By way of an update, I sorted CG sorted out (
For some reason, although an account was setup, the blog that she created didn’t exist on that account.
All we had to do was create the new blog using her account and then set it up to post to her domain.

CG chose to have her blog hosted at her site, (which I must say is a very powerful insight to something I couldn’t imagine how I would cope with. Well worth a read).

For those who are considering hosting their blog data on their own servers, here is a rough explaination of what we did.

  1. Logged into the web server via FTP and created a sub folder under the public_html folder called blog (original I know, but you could have it stored in the public_html folder if you want)
  2. Created a archive sub folder under /public_html/blog/archive (just to keep things neater later on).
  3. On the blogger control panel, entered in the FTP address of the web server (this is usually, but you could use the IP address if you know it)
  4. On the blogger control panel, enter the name of the blog page (in this case index.html), the path to the blog (in this case /public_html/blog) and the web address where the blog can be found.
  5. Enter in the username and password for the FTP account on the webserver. I usually like to create an FTP account just for the use of blogger so that I can track access a little better. Whilst creating the FTP account, you can also specify a home directory for that account and limit access to the /public_html/blog/ folder just as an extra level of security.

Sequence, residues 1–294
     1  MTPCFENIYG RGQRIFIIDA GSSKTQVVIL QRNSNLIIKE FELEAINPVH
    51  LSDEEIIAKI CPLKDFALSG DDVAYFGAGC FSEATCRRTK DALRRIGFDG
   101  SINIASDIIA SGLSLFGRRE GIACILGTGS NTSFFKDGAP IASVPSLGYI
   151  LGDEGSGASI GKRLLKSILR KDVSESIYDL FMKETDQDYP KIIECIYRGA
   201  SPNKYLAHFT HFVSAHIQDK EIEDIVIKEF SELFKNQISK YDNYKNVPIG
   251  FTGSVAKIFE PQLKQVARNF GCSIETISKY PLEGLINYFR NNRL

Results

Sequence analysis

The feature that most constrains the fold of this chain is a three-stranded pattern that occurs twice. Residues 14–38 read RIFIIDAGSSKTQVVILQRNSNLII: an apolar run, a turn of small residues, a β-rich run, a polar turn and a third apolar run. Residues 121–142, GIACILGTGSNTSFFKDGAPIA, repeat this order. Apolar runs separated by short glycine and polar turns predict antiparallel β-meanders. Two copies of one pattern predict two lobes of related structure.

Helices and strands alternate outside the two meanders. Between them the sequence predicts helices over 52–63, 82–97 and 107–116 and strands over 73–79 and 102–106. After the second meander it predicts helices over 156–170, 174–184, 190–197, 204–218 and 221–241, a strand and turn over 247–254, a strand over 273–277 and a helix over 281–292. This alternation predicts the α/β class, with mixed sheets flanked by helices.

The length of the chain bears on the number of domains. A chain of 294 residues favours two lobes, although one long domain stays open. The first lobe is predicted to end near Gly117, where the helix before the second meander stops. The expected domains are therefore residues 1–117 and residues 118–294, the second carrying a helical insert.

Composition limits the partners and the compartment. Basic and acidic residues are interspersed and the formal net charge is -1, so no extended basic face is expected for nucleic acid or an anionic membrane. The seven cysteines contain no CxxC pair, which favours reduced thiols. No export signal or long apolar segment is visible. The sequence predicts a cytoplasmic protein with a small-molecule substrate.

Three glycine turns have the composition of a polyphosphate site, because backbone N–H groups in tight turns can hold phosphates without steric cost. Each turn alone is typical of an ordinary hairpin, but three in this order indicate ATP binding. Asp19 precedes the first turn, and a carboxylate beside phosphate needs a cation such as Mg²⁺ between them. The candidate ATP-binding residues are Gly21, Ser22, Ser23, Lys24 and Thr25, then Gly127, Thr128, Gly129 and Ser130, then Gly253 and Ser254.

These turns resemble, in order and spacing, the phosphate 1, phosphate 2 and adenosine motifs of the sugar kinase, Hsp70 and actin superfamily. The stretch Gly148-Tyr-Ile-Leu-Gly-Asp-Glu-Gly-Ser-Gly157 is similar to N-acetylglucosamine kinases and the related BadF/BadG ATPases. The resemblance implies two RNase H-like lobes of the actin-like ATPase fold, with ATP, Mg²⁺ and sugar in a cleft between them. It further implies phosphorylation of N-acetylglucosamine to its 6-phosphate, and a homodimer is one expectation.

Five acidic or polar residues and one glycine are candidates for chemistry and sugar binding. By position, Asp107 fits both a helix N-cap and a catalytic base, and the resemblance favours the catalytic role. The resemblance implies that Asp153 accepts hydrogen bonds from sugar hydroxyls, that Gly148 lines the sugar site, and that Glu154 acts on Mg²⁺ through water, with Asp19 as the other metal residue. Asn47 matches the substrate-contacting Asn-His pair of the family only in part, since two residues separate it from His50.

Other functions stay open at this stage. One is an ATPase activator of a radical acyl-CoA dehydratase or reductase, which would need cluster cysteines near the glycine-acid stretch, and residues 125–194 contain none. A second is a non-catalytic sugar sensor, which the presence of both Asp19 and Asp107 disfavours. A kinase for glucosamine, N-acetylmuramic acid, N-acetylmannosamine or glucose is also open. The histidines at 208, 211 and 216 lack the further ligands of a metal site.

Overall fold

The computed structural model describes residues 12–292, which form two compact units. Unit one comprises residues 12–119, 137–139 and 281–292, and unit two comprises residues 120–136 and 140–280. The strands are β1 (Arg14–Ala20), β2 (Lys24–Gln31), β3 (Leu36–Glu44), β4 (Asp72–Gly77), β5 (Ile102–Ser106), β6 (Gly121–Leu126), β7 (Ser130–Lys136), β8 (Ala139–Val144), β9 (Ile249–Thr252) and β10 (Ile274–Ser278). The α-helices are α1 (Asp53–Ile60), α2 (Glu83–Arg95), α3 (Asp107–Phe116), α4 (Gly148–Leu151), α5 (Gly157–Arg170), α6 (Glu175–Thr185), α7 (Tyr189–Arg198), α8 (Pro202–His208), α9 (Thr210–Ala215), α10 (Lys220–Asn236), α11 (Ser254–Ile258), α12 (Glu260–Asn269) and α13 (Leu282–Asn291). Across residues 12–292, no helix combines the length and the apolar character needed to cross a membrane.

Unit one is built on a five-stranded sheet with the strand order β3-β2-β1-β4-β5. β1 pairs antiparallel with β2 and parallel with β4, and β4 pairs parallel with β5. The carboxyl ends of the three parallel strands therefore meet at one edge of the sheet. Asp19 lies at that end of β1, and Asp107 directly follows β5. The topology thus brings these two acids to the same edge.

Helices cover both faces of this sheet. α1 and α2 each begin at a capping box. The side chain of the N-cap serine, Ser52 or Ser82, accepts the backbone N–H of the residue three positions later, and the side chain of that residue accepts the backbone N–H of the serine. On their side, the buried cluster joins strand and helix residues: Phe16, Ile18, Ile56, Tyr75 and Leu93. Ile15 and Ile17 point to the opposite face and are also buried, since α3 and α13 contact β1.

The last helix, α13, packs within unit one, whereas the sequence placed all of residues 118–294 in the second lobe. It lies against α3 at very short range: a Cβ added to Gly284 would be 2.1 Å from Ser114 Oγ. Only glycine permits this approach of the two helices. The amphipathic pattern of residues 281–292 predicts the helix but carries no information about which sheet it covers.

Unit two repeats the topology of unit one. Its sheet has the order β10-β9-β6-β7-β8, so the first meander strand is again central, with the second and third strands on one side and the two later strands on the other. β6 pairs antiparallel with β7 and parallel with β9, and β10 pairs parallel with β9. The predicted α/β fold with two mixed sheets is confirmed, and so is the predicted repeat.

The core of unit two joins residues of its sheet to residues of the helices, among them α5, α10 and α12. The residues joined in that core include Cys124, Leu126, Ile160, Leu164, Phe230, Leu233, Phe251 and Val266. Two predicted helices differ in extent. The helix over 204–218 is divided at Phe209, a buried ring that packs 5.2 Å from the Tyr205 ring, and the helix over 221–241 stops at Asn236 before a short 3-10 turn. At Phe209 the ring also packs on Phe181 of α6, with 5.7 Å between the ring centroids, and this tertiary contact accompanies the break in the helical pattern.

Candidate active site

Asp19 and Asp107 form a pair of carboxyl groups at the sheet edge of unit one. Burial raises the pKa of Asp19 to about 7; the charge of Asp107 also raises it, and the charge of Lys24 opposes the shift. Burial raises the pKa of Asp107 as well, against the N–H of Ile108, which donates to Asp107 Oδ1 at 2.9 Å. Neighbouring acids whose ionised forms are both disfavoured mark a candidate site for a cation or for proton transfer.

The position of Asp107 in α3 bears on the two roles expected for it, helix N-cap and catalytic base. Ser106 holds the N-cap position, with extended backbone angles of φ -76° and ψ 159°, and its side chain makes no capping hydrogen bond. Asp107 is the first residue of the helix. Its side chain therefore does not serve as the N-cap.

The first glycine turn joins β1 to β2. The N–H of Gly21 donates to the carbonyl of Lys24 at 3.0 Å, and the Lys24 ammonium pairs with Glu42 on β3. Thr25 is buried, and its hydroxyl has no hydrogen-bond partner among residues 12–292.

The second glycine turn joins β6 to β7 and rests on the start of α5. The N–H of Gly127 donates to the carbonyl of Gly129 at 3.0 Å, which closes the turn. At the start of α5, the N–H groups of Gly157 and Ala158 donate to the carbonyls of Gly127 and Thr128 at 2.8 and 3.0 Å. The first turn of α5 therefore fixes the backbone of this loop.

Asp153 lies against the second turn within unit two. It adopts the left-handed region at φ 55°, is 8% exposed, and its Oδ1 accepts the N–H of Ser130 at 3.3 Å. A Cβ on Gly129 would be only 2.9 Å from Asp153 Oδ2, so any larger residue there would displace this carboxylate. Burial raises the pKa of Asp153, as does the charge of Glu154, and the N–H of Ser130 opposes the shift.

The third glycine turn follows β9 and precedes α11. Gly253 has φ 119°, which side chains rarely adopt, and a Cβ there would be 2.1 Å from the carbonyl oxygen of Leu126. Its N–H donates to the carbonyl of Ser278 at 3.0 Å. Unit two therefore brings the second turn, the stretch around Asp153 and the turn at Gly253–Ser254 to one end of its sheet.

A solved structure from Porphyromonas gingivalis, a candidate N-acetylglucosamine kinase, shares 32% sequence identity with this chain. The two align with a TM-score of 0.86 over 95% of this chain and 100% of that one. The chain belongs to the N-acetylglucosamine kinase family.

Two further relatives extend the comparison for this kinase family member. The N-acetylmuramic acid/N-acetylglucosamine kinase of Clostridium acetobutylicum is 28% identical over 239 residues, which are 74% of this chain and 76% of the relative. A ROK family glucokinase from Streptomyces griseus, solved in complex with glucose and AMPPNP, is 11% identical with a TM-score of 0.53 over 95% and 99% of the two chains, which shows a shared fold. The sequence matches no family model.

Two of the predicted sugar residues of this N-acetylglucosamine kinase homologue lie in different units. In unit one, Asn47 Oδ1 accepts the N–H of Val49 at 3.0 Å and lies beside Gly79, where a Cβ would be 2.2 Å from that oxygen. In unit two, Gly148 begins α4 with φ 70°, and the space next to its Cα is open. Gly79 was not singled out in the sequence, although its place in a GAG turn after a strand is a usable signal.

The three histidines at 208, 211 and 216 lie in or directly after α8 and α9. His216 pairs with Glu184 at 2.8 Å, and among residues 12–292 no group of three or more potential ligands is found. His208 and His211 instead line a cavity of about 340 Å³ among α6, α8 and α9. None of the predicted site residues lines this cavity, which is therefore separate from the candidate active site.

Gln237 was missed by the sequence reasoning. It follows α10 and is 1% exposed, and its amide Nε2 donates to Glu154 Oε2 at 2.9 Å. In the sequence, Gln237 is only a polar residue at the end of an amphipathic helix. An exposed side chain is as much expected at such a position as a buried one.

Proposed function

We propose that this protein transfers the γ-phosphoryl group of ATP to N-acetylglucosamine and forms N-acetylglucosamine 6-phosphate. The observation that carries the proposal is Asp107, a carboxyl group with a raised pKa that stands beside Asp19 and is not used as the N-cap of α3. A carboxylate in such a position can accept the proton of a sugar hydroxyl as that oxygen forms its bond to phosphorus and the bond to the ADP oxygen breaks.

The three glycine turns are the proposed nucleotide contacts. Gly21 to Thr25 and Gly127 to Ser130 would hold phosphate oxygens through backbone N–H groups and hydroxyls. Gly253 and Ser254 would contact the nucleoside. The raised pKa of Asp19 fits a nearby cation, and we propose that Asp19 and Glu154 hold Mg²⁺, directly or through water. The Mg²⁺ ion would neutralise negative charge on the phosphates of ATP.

6. Made a test post…

So there you go. Five simple steps to having your blog data on your own website, six if you include the test post. (assuming you have one).
There are further settings you can change, but this just changes the way it works, but the information above is all you really need to make it work.

  1. Change the archive path to the one you defined on your webserver (if you did, if not, it will post it to the /public_html/blog folder in our example).
  2. Add an email address to where new posts are sent.
  3. Set up the comments section

Why would you want to do this?

  • Well I like to be in control of the data that I post, (i.e. if Blogger ever went belly up and trashed its machines and the countless backups I hope it has, I still have a copy of the data on my own webserver. Not that I think Blogger would ever suffer such a catestrophic failure I might add).
  • All my posts are still held in the blogger database, but the actual HTML pages that are created are stored on my own webserver.
  • It means that I can have my own domain name as part of the blog URL. (It means I can incorporate my blog into an existing website, just like CG did).

The only downside to the above, is a large blog will use space on your webserver that would otherwise be space used on Blogger’s server. But if you are on a web server with a host that offers anything less than 2GB of storage, you are with the wrong host, so these days, it would have to be a rather large blog to be a problem when it comes to space.

If you ever fancy moving your blog from the blogger web address to your own domain and need a hand, just give us a shout.